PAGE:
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April 10, 1998     Jewish News
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April 10, 1998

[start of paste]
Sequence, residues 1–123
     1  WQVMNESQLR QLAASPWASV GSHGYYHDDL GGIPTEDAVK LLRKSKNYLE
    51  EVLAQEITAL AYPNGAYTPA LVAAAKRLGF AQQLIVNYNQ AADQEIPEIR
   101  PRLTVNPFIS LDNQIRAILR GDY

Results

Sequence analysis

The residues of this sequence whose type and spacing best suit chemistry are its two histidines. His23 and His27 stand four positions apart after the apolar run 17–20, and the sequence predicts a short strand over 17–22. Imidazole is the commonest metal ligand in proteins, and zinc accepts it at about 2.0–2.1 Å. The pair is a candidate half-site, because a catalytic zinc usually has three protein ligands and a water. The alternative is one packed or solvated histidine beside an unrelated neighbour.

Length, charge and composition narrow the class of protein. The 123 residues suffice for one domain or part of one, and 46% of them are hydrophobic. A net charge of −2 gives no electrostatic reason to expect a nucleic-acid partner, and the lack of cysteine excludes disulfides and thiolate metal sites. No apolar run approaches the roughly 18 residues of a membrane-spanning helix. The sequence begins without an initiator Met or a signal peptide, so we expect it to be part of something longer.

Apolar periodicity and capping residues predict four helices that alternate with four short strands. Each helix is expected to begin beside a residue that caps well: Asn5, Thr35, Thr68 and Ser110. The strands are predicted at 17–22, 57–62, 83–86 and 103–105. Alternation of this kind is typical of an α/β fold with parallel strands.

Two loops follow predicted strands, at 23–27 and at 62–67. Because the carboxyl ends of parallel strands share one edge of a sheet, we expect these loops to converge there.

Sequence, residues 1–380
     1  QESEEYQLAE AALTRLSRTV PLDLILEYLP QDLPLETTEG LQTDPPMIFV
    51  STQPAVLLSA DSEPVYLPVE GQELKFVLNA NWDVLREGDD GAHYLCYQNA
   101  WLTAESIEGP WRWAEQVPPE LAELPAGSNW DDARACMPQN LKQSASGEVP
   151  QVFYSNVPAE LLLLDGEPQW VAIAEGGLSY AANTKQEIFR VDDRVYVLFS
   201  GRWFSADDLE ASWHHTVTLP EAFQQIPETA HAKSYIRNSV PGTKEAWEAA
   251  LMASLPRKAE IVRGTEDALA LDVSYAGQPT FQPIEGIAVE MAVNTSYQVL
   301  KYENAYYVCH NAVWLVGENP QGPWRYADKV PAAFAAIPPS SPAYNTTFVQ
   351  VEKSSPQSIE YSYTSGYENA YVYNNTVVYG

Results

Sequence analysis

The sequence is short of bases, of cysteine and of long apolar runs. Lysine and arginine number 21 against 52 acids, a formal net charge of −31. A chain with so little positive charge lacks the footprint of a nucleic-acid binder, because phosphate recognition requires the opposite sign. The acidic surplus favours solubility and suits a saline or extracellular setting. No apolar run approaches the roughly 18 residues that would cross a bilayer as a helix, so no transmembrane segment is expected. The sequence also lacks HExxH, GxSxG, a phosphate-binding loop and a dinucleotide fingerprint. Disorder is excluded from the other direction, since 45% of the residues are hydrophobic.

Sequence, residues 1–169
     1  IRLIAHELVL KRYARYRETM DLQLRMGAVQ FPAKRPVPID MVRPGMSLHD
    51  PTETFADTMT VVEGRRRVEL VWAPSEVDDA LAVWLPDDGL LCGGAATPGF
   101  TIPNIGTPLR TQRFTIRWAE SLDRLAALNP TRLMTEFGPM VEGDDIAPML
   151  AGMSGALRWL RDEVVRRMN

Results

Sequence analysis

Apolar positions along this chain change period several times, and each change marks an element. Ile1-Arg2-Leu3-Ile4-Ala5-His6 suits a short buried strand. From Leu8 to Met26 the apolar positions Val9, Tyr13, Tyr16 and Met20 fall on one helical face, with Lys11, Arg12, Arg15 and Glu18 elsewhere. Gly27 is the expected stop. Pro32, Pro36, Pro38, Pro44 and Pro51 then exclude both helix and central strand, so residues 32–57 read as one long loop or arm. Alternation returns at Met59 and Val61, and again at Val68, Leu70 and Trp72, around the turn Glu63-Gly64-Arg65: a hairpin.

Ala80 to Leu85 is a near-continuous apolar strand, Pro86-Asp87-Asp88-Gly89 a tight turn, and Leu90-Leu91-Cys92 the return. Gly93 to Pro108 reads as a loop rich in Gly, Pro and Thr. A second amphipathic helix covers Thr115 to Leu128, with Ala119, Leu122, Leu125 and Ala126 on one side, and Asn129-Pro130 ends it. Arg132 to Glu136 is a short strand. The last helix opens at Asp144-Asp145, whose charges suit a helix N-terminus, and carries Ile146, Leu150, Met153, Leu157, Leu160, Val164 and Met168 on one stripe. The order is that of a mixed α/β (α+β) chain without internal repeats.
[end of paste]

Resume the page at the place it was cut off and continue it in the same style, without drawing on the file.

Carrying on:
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t April 10, 1998 Southeastern Virginia Jewish News Young Leadership Conference in Washington Washington 11 is not an event; it is a happening. The UJA National Young Leadership Con- ference takes place every other year in Washington, D.C. This year's Conference was held March 22-24 and attracted the largest crowd ever Paul Peck and David Leon served as the Tidewa- ter Conference Co-Chairs. Both Leon and Peck are members of the UJA National Young Leader- ship Cabinet Deb Aleck, also a member of the UJA Young Lead- ership Cabinet, served as the Northeast Region Recruitment Co-Chair, and made Tidewater look good by her success in recruitment. Brian Schneiderman, Chairman of Tidewater's Young Leadership, served as the Chair of the Capitol Hill visits. The Tidewater delegation included the following people: Deb Aleck, Stephanie Calliott, Betsy and Erik Cooper, Karl and Lisa Denison, Debby and Fred Fink, Robert Friedman, Shari and Bruce Friedman, Sue Gitlin, Jodi and Jay Klebanoff, David Leon, Betty Ann Levy, Alicia London, Gary Moss, Charles Nusbaum, Jr., Paul Peck, Brian Schneiderman, Price Shapiro, Monica Stein, John and Renee Strelitz, Ross Wein- stein, Adam White, Howard Weinstein, Amy Zelenka, Hillel students, Elyssa Lefeore and Rosanne Hinshaw and Betsy Karotkin, staff. Below are excerpts from letters by some of the Young Leadership pcjpswho shared some of their thoughts about the Confer- ence. I had such a great experience meeting people, attending concur- rent sessions, and being part of the lobbying on "The Hill." Throughout the conference, the theme, "From Passion to Action," was ever present; I began looking at what a difference I can make as a young Jewish leader for myself, my family and for the conununity, and am now more inspired to fur- ther my Jewish education and increase my observance of all things Jewish. Of the many won- derful sessions I attended, "Find- ing the Holy in the Mundane" was particularly meaningful. Den- nis Prager and Rabbi Rachel Sabath spoke beautifully on how we may invest time, situations and objects with holiness and how we are altered in the process. Because I was so inspired by Dennis Prager, I purchased the cassette tape of another session in which he spoke, "Why Be Jew- ish?" and I look forward to read- ing his books. All in all, Washing- ton 11 proved to be fun, moving, and inspirational. We as a com- munity should aim to double tho size of our delegation for Wash- ington 12 in 2000. Charles G. Nusbaum, Jr. I attended a session entitled, "Jewish Leaders: Do They Really Lead the Jewish People?" Shoshana Cardin made a state- ment, which, at first, I did not agree with: "You may be qualified to chair a local United Way Cam- paign, but that does not make you qualified to chair the Federation's campaign." My initial thought was, "Fundraising for the United Way is equivalent to the Tikun Olam mission of the Federation's campaign." Yet, the more I spoke with others and thought about it, the more I came to realize the importance of the "Jewish" lead- ership aspect. A provocative ques- tion raised was, "Can you be a Jewish leader without the check to back it up?" Shoshana Cardin said sometimes, but not often. This is where I am not in complete agree- ment. The Jewish community needs time as well as money from its leaders in some cases, the expenditure of time may be even more valuable. Overall, the con- versations were stimulating and provocative. Stephanie Calliott With 3,000 young leaders in Washington, D.C. for the biennial UJA National Young Leadership Conference, it would make sense to feature nationally and interna- tionally renown speakers in 5 ple- naries and over 50 concurrent ses- sions. One session entitled "Why Be ,,, Jewish. featured writer, lecturer, and talk show host Dennis Prager, and David Elcott, Vice President of the National Jewish Center for Learning and Leadership (CLAL). While the rifle may seem rhetori- cal, it became evident in the ses- sion that it is often "how to be Jewish" that we focus upon, i.e., how to balance Jewish activities in our daily lives or how to keep Jewish traditions allve in 0 faro, ilies. However, it is the "why" that we often lose sight of or maybe never address in the first place. Are we Jewish because our par- ents are Jews, or because that is the religion and path we have cho- sen for ourselves? How many of us are informed about our her- itage, our traditions and the Torah but have not embraced why being Jewish is important? Why should we practice Judaism? Why should we be active in the Jewish com- munity? The answers are endless and we can look to many resources and mentors in our own community to find the right ones for each of us. Of the mariy memorable insights of this session, one made by Dennis Prager will remain with me: "The purpose of religion is not to make you feel good, it is to make you do good." This message has struck a per- sonal chord. I believe that feeling good about Judaism is the first step to doing good. It was certain- ly evident among the 3,000 attending Washington 11. We were able to "feel good" and then "do good" by concluding the 3 day conference with visits to our Congressmen and Senators on Capitol Hill. We have so many opportunities in our community to "do good." By knowing both the "how" and "why" of being Jewish we can continue to build on our already strong foundation. Betty Ann Levy All of the speakers at the Young Leadership Washington Conference were very good, but in particular I enjoyed Dennis Prager's talk on "Why be Jew- ish?" and Rabbi Kushner's talk on Jewish spirituality. While we hear many of the same speakers here in Norfolk, they seem more engag- ing at this conference. Perhaps the energy level of 3,000 plus people makes the speakers more motivat- ed. I enjoyed seeing old friends from past missions to Israel, pre- vious conferences and fellow National Young Leadership Cabi- net members. David Leon Betsy and I had a wonderful time at the conference. It was a good opportunity to get to know our regional colleagues better. In addition, we were able to meet Jews from different parts of the country and to talk with them about issues relevant to theft dom- munities. The best seminar we attended was entitled, "The Peace Process - What's Happening Now?" Both Dennis Prager (Special Middle East Coordinator for the Depart- ment of State) and Eliahu Ben- Elissar (Israeli Ambassador to the U.S.) provided the American and Israeli positions on the "Peace Process." In an interesting con- trast, the two representatives spoke about on-going discussions, each interpreting the situation dif- ferently. The best conversation I had at the conference was with a dele- gate from Pittsburgh. He was con- cemed that an important issue for American Jews was not being dis- cussed at the conference. While Jews in the U.S have emotional, national and financial ties to Israel, Israel's economy has CONTINUED ON PAGE 23 CASUAL DINING-ENTERTAINMENT m m [ FRESH LOCAL SEAFOOD- HANDCUT BEEF m t qll00Sullivan's ] / /ld_., / Norfolk,Va. TRY SOME OF OUR NEW MENU ITEMS! 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